This post is courtesy of one of the lenders I utilize, Kate Wilson, of Fairway Independent Mortgage. She and her team work with all buyers and are especially knowledgeable about first-time buyer programs.
Guest Author: Kate Wilson of Fairway Independent Mortgage
We have a magazine rack for our clients in our lobby. I was really hesitant to put out the September 6th edition of Time Magazine because the front cover read: Rethinking Homeownership: Why Owning a Home May no Longer Make Economic Sense.
I can think of a lot of things that don’t make much economic sense but I sure wouldn’t put buying a house in that category. I have some pretty strong convictions about why homeownership is important and a lot of them start with common sense. I take the long-term view:
There are tax advantages to homeownership that you don’t get when you rent. Once you have a fixed rate mortgage, the principal and interest payment will not change over time. Your rent will and you have no control over just how much those rent increases might be. Both the interest and the property taxes are deductible but only your landlord gets to deduct them when you rent.
At the end of the day, a house is a forced savings account. If you pay all of the payments, at the end of the loan term, you own the asset. You can save yourself a lot of interest and get there faster by making one extra Principal and Interest Payment a year. It’ll take about 7 years off of a 30 year loan. If you pay rent for 30 years, your landlord will own the asset and use it to pay for his Long Term Care, not yours.
Your mortgage should not outlive your retirement age even if you’re buying up. Mortgages come in terms of 10, 15, 20, 25, and 30 years. Consider this: If you’re buying up, keep your mortgage in sync with your overall financial plan and objectives. If you’re considering a move, take the age you want to retire and subtract from it your current age and see how much you’ll qualify for using that amortization period. There’s no prepayment penalty for first mortgages these days so even if you take out a 30-year mortgage to protect against a ‘what if’ scenario, figure out how much extra principal it takes to repay it according to your retirement timeline and just do it.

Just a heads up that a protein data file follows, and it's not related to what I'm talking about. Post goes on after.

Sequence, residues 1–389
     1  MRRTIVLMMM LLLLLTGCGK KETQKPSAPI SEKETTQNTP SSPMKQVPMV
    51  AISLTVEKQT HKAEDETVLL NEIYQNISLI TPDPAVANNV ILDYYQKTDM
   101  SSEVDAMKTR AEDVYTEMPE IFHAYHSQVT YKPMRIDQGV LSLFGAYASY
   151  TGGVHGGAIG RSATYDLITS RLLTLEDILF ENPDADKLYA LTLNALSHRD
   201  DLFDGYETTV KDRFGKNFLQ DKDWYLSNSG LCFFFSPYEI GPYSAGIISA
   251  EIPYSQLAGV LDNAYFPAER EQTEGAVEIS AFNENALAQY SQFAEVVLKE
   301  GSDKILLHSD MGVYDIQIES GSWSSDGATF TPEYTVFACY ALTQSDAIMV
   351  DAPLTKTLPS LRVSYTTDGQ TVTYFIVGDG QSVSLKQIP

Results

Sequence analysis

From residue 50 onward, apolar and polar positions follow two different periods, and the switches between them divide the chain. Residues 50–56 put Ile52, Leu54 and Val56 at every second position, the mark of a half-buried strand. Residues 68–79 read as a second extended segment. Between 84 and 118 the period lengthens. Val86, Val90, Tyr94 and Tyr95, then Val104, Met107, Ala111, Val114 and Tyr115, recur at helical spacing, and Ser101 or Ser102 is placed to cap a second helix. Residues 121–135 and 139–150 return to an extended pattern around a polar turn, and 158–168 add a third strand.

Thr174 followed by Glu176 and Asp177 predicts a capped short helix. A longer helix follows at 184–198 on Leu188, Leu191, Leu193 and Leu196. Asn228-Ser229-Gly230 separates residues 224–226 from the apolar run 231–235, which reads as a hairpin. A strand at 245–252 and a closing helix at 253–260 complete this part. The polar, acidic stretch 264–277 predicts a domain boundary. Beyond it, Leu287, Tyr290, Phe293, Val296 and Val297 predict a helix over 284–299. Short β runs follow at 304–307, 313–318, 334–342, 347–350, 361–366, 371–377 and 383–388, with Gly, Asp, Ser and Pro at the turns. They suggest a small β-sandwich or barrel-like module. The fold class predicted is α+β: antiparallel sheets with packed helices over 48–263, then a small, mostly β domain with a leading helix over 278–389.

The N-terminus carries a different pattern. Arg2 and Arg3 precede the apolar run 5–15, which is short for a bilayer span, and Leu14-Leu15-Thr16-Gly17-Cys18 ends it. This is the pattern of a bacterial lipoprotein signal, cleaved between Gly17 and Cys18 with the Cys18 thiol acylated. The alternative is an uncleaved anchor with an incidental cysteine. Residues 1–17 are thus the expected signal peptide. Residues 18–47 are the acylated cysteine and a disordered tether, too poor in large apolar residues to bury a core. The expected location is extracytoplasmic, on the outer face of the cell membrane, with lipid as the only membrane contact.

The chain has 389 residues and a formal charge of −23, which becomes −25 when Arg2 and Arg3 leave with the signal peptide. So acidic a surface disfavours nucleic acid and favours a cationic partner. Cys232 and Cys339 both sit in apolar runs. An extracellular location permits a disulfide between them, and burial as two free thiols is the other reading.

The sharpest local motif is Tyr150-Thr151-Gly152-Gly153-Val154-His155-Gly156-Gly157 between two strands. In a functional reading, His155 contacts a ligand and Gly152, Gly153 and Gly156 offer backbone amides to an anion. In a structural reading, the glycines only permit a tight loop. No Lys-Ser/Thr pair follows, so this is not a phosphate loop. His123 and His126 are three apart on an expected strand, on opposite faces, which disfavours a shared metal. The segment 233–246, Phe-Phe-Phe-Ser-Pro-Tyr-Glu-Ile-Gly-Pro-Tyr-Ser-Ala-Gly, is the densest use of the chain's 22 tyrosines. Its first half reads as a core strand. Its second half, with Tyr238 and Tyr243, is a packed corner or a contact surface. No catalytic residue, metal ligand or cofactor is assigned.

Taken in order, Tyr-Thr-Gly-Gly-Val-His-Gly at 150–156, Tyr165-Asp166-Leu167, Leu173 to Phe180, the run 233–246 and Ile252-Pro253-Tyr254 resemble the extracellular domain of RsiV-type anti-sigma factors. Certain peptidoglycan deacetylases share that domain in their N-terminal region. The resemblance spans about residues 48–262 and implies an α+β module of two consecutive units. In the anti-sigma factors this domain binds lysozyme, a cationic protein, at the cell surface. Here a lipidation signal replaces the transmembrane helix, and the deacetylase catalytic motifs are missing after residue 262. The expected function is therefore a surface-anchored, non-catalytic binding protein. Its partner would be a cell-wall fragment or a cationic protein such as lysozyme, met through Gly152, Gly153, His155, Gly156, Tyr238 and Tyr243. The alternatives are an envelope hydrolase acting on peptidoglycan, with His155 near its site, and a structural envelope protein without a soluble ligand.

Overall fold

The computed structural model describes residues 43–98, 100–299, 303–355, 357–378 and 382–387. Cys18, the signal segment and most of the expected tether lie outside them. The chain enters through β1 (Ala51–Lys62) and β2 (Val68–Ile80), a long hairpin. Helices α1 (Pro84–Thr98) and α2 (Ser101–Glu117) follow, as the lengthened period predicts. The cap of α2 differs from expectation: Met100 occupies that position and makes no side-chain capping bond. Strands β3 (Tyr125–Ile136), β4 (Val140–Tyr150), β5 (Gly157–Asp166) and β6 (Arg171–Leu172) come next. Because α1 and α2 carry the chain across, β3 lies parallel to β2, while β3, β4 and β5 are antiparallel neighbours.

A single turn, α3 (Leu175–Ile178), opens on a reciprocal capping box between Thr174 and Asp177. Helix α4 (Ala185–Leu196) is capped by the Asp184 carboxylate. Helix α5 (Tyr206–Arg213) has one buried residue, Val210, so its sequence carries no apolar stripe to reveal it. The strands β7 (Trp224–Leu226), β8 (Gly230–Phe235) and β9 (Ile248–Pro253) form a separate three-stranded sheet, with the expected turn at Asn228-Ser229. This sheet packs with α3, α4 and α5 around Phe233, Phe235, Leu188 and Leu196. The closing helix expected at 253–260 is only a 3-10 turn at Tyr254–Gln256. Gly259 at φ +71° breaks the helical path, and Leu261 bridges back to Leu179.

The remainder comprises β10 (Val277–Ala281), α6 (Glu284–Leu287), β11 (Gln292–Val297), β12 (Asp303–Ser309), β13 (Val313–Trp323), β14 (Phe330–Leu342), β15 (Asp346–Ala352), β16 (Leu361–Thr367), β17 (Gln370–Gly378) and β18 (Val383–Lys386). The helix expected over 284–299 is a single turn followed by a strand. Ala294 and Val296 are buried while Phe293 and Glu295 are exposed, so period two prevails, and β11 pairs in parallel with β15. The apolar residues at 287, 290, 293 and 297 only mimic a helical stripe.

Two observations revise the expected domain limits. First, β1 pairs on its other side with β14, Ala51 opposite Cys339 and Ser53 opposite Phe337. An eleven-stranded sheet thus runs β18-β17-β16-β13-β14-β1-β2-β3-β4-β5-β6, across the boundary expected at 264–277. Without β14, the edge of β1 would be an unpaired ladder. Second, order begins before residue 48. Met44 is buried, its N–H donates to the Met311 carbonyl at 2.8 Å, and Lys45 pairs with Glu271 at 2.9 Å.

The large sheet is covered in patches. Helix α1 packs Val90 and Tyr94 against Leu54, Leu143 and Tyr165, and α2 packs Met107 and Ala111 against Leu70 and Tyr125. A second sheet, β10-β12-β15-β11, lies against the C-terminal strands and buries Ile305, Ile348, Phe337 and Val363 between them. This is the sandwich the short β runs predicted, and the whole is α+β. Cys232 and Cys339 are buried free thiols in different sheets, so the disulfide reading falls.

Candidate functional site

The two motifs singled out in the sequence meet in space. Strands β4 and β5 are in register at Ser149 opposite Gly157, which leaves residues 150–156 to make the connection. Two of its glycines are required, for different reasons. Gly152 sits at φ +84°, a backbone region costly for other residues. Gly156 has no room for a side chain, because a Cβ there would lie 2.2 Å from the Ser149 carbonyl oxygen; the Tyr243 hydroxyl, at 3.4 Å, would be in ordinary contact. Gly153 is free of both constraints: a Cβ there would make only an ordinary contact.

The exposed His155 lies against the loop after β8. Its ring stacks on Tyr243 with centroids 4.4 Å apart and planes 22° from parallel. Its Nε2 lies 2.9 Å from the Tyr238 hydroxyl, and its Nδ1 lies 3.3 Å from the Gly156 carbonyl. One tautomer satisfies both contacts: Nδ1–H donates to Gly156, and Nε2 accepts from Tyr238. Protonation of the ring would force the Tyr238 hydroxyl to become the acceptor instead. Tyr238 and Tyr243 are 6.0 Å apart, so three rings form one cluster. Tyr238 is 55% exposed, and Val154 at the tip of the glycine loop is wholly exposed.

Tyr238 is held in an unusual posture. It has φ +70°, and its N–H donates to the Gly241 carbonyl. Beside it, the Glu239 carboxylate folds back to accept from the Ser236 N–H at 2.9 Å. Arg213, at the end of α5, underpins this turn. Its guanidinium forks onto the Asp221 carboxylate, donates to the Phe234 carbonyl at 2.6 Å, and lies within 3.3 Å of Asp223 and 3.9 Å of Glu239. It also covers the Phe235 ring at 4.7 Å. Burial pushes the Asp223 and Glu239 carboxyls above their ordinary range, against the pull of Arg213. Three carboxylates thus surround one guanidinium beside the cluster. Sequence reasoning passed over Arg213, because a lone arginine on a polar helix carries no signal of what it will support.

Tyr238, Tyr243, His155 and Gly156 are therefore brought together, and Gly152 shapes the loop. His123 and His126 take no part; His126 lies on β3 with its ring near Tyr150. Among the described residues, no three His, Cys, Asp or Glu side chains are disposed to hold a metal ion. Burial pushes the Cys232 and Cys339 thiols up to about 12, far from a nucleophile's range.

Home equity lines of credit for vacations or the purchase of cars are a bad idea. You’ll be paying for that vacation long after the memories have faded. The car started to depreciate the minute you drove it off the lot and you’ll be paying for the old one even after it’s eligible for vintage plates. In the meantime, you will probably have to buy another car and pay for it while you’re still paying for the trade in.
The most common sense reason I can think of for homeownership has nothing to do with it making economic sense. When you own your home, you are free to make it fit your lifestyle and a reflection of who you are. Landlords call such changes ‘damages’ and keep your deposit or kick you out. If the landlord decides to sell and you have to move, you can lose years of accumulated emotional net worth.
Other than graduating from college, having my kids, and marrying my sweetheart, I can’t think of a better decision I’ve made in my life than becoming a home owner. Your thoughts?
I agree with what Kate has written here which is why I asked her if she was agreeable to my posting her thoughts here. We’d both be interested to know your thoughts. Share them by adding a comment below. (The typeface color for Leave a Comment is green so it doesn’t stand out immediately but it’s at the end of the list of tag words at the bottom of this entry.)
Learn more about Kate Wilson and her team here: www.katewilson.com
Lakes Area Realty